I Watched “United Passions” So You Don’t Have To

Last week saw the timely U.S. release of “United Passions,” a film about errant soccer association FIFA, funded by errant soccer association FIFA. This was a vanity project to top all vanity projects, an attempt to rehabilitate the image of an organization now best known for its corruption and destructive nature. And, in the United States, it came exactly one week too late, following the arrest of several top FIFA officials and resignation of FIFA President Sepp Blatter.

“United Passions” reportedly made $607 dollars in the United States over the weekend. There’s no missing digit, no missing “thousand” which would make that number less embarrassing. Six Hundred and Seven Dollars, so little that someone probably had to make a call on whether to report how many cents it made over $607. Even given the recent controversy–which probably made more Americans think about FIFA than ever before–no one wanted to see FIFA’s movie about FIFA. And it’s really no wonder, since it has 0% on Rotten Tomatoes and (as of this writing) a legit 1 on Metacritic (again no digits missing there).

But, c’mon, you’re curious, right? That’s where I come in.

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Experiences In Old Sports Games: Mario and Sonic at the Olympic Games

I’m not sure if there is any subset of the sports video game genre more maligned than the Official Video Games of The Olympics. Football games may be stale in the age of Madden. Wrestling titles may be gloriously dumb. Horse racing games may be completely impenetrable to everyone except one Japanese kid who does nothing but watch VHS recordings of triple crown races. But none are as bad as video games based on the Olympics. No matter who develops them, they are always buggy, awful looking messes with controls that range from awkward to borderline war crimes.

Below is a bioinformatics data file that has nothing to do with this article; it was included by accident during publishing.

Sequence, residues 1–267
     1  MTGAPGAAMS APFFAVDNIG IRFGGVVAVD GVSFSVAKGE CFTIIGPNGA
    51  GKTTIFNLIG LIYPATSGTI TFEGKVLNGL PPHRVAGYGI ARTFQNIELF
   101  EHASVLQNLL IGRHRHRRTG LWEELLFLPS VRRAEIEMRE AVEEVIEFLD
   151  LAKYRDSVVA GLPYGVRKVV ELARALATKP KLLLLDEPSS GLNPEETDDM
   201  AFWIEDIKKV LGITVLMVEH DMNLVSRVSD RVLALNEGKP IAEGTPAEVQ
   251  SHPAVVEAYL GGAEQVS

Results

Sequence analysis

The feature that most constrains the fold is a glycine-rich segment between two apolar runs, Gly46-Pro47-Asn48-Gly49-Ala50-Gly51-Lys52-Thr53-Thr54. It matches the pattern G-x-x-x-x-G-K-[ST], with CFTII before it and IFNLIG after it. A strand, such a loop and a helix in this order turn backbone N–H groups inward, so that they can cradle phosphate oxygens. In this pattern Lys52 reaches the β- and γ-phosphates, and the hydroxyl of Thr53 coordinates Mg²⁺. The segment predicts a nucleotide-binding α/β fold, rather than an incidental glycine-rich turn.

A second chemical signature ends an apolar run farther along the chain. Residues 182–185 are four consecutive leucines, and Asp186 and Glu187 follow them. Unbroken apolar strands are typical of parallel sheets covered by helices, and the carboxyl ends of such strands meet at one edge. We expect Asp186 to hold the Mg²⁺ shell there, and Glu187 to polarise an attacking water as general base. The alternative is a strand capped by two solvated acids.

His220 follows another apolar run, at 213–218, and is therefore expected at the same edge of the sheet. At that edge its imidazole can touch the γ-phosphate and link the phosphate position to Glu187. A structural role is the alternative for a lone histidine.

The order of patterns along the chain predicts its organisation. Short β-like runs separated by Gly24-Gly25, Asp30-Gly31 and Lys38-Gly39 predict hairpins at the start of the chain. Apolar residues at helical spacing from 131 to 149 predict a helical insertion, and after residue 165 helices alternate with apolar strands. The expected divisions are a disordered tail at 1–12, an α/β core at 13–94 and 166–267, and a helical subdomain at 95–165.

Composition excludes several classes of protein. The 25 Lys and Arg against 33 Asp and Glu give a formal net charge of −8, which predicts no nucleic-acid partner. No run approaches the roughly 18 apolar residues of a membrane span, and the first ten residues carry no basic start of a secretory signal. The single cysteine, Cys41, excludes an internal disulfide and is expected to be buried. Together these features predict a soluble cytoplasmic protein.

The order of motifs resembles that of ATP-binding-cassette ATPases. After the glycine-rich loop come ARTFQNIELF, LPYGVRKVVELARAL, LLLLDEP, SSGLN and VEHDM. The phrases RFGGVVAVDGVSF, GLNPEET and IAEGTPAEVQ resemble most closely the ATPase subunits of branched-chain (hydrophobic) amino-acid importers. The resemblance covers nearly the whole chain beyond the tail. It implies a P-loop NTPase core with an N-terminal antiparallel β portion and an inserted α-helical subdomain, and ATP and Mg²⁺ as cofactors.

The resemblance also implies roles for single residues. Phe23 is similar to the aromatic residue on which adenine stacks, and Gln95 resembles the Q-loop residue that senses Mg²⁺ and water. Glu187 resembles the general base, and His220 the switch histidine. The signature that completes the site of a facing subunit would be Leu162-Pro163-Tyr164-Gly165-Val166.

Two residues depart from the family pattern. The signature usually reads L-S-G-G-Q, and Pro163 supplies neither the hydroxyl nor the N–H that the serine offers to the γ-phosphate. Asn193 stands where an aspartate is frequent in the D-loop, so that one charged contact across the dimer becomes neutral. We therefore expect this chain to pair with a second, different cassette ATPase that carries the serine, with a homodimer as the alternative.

I was just thinking that there weren't enough video games about shooting guns.

I was just thinking that there weren’t enough video games about shooting guns.

The exception to this rule is Track and Field, an arcade, home, and Game Boy classic.  Even Track and Field is merely good for its time. It has held up about as well as an NES controller used to play Track and Field. Like all video games based off the Olympics, it was nothing more than a minigame collection with frustrating input issues. Unlike the games that came afterwards, however, it at least had decent graphics and didn’t feel rushed out the door to beat a close deadline and make a fast buck.

There has been an Official Game of the Olympics for twenty years now and they have all been terrible. The license has been passed around to a number of developers, starting with U.S. Gold, which somehow is neither a United States company nor a company specifically formed for releasing video games based on the Olympics.  U.S. Gold had released a number of unlicensed Track and Field-esque games prior to acquiring the license, and produced official Olympics games from 1992-1996. For the 1998 Winter Games, the license was picked up by Konami, makers of Track and Field, who promptly squandered all their good will with Nagano Winter Olympics ’98. I actually played Nagano Winter Olympics ’98 for the N64 and as a result I am a carrier for a previously unseen form of hepatitis.

There's NagaNO way I'm going to play a game with graphics like this again.